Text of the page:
As reported in JCO Oncology Practice by Omar Abdel-Rahman, MD, of the Cross Cancer Institute, University of Alberta, a study using U.S. National Health and Nutrition Examination Survey (NHANES) data indicated that patients with cancer were not more likely to have depressive disorders—but were more likely to have suicidal ideation—compared with propensity score–matched survey participants without cancer.
The study evaluated NHANES data from 2005 to 2016. Depression and suicidal ideation were assessed using the Patient Health Questionnaire-9. Of a total of 32,178 survey respondents, 3,043 had cancer. Propensity score matching was performed to derive a cohort of 3,043 matched respondents without cancer; factors included in propensity score matching included age, sex, race, level of education, marital status, self-reported health status, ratio of family income to poverty threshold, and insurance status.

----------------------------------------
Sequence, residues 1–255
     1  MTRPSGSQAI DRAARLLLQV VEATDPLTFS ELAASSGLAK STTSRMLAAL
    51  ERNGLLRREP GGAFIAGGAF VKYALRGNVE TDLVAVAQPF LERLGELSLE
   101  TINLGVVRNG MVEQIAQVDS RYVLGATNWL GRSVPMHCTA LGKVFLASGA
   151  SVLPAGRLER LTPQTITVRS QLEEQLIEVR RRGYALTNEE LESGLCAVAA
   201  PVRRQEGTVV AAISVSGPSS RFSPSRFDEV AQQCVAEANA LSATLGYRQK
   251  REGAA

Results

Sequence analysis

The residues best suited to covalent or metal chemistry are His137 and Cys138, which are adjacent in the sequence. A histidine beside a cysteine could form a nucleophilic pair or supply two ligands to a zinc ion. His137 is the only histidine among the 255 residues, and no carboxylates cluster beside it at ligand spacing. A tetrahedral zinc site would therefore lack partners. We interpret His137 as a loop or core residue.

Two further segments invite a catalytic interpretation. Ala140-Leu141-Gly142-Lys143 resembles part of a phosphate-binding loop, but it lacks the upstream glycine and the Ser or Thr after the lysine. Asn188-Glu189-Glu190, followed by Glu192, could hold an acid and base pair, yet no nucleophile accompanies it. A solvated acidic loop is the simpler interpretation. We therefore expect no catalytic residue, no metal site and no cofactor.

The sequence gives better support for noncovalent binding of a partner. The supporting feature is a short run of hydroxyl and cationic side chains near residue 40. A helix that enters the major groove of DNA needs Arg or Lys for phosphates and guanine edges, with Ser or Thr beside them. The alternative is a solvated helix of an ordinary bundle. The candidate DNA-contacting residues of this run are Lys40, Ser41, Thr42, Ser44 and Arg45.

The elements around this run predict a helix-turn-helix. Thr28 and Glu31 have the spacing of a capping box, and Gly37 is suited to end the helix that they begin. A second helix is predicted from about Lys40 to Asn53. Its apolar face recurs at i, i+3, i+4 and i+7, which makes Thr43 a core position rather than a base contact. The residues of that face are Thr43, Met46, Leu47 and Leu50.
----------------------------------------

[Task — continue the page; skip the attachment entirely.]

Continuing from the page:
On multivariate analysis, cancer diagnosis was not associated with greater probability of depressive disorders vs no cancer diagnosis (odds ratio [OR] = 0.937, 95% confidence interval [CI] = 0.819–1.073). Factors associated with increased likelihood of depressive disorders were older age, female sex, white vs black race, unmarried status, poor self-reported health status, and lower income.
On multivariate analysis, cancer diagnosis was associated with significantly greater likelihood of suicidal ideation (OR for no cancer diagnosis vs cancer diagnosis = 0.695, 95% CI = 0.517–0.935). Additional factors associated with increased likelihood of suicidal ideation were unmarried status and poor health status.
Dr. Abdel-Rahman concluded: “Cancer diagnosis is associated with a higher probability of suicidal ideation. Screening for suicidal ideation should be part of the assessment of patients with cancer.”
Disclosure: For full disclosures of the study author, visit ascopubs.org.The content in this post has not been reviewed by the American Society of Clinical Oncology, Inc. (ASCO®) and does not necessarily reflect the ideas and opinions of ASCO®.